The UN-declared truce that began after midnight yesterday is meant to last through the end of the holy month of Ramadan and allow in desperately needed humanitarian aid for millions of people. The officials said three airstrikes came after Shiite rebels and their allied forces clashed with rivals who have held pockets of resistance against the rebels' control of Taiz.
Witnesses reported the airstrikes. One airstrike targeted a military camp used by forces loyal to the rebels, while another hit a rebel convoy. Both sides exchanged blame for violating the truce. Rebel officials said their rivals were using the truce to advance in Taiz.
Fighters accused the rebels of trying to push them from the territories they hold. All officials spoke on condition of anonymity because they were not authorised to report to the media amid a tense truce. The UN Security Council welcomed the announcement of the humanitarian pause and urged all parties "to exercise restraint in cases of isolated violations and to avoid escalation."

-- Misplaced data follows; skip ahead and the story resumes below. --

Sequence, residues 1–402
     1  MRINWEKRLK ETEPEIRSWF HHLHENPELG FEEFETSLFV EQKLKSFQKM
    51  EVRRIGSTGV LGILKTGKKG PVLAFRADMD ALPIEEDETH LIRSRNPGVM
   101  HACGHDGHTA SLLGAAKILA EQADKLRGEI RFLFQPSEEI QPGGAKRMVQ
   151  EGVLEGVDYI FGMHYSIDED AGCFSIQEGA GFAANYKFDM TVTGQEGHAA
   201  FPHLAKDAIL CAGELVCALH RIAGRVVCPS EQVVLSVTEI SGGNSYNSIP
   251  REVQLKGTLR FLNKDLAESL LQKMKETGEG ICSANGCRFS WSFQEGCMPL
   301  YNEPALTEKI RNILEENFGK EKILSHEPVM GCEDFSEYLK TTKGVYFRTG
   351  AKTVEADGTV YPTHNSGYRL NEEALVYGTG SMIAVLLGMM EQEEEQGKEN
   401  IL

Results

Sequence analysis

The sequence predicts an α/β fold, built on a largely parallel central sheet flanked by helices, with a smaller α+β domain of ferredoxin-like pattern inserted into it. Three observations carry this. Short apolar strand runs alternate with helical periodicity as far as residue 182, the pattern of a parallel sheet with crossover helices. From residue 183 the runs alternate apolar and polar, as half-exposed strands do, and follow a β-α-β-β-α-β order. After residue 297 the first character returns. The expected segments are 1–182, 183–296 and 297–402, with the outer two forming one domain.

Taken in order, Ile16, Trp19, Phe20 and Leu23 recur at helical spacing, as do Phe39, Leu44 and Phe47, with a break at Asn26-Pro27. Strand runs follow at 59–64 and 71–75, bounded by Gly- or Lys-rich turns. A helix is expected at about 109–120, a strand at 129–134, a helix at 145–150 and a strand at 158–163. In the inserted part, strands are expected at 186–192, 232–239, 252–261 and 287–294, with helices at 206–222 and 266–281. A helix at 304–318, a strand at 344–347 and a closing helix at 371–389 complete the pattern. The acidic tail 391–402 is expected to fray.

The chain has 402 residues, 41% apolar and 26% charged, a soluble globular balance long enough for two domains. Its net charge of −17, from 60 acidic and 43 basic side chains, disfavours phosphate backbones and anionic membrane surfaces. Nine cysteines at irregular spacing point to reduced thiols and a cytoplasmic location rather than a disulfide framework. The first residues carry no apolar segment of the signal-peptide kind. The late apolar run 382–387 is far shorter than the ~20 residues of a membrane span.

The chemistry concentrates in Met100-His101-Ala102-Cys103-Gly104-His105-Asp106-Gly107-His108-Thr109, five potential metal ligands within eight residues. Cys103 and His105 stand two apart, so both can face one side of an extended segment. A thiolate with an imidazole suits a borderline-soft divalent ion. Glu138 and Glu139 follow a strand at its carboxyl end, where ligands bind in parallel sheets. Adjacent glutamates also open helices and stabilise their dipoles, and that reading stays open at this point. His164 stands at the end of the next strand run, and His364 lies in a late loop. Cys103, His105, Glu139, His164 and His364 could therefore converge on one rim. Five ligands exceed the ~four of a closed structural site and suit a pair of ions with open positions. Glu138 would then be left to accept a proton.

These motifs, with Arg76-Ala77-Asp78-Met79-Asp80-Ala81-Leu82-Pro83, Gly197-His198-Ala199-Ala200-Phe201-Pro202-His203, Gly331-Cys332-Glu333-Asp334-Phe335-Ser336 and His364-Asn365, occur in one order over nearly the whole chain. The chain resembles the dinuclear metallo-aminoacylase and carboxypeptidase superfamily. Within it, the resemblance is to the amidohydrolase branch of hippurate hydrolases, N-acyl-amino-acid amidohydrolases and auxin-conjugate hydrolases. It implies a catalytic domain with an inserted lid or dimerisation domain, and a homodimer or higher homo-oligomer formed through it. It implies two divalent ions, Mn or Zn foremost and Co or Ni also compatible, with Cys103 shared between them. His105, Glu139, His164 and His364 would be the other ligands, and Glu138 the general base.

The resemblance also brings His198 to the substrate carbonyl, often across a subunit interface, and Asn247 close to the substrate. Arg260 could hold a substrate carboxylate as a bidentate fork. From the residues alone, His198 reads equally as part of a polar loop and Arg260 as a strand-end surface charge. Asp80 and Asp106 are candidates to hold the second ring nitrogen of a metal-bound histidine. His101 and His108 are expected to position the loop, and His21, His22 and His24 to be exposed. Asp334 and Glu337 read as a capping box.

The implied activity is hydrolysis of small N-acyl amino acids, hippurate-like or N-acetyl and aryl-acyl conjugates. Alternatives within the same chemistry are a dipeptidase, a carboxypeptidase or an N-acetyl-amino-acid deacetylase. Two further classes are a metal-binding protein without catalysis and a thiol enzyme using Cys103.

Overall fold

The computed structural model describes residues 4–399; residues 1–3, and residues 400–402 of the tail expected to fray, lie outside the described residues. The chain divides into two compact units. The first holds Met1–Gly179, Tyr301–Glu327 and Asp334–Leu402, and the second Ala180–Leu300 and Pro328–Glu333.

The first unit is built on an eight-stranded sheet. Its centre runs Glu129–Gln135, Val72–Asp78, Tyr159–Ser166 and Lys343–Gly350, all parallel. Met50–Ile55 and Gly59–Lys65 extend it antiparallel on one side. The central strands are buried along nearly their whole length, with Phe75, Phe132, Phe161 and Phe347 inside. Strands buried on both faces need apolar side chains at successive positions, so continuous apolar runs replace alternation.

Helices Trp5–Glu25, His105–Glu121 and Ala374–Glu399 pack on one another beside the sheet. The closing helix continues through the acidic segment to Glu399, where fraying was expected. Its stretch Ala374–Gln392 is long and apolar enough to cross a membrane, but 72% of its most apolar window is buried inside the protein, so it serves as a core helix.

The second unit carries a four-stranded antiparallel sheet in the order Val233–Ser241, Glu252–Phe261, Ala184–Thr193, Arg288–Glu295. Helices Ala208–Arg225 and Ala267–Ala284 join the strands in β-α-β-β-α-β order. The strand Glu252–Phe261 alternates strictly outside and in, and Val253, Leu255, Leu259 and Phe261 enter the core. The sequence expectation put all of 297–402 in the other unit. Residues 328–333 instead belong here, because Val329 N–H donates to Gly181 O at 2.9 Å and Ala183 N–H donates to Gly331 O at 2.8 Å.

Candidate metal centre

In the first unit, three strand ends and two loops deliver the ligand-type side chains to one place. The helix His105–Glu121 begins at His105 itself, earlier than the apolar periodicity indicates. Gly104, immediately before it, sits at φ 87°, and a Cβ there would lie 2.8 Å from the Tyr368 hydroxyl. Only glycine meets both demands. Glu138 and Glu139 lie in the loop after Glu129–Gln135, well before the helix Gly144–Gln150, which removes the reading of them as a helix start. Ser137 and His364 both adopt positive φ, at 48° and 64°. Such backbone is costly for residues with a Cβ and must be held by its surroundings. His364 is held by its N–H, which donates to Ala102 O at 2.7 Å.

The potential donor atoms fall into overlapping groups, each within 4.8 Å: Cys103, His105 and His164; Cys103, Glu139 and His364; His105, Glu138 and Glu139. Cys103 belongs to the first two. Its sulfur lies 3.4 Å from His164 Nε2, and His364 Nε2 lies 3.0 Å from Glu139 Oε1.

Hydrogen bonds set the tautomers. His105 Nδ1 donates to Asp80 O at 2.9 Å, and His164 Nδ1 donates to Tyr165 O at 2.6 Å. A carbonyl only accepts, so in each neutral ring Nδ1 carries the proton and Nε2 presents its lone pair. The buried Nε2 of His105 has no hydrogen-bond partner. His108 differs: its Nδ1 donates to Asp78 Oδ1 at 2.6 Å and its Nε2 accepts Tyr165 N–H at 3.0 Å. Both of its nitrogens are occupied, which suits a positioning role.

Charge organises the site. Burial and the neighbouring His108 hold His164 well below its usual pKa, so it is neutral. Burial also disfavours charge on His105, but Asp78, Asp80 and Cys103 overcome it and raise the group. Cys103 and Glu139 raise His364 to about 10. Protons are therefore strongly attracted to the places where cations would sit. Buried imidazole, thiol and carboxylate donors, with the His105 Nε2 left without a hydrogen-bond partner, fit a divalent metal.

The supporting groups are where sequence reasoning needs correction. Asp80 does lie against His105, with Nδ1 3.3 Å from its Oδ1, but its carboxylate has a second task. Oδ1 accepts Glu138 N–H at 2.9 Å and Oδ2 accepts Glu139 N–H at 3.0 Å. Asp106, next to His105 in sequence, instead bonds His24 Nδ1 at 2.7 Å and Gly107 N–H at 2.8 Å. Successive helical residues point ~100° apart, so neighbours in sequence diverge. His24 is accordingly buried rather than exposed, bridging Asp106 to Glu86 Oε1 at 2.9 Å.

The council also said "no party should take advantage of the pause to move weapons or seize territory." Council members urged all parties to facilitate the urgent delivery of humanitarian assistance to all parts of Yemen.
The pause announced on Thursday comes just days after the UN warned that the Arab world's poorest country is "one step" from famine. Yemen relies on imports for the bulk of its food and fuel, but the coalition has imposed a near-complete air and sea blockade during the fighting.
The rebels want the blockade lifted completely. The UN this month declared its highest-level humanitarian emergency in Yemen on July 1.
The UN humanitarian office says 80 per cent of the population needs aid, and millions are close to famine. Yemen's exiled government had wanted the rebels to withdraw from the cities and towns they had overrun since September as a precondition to a truce, but it came under pressure to agree to a halt in violence immediately.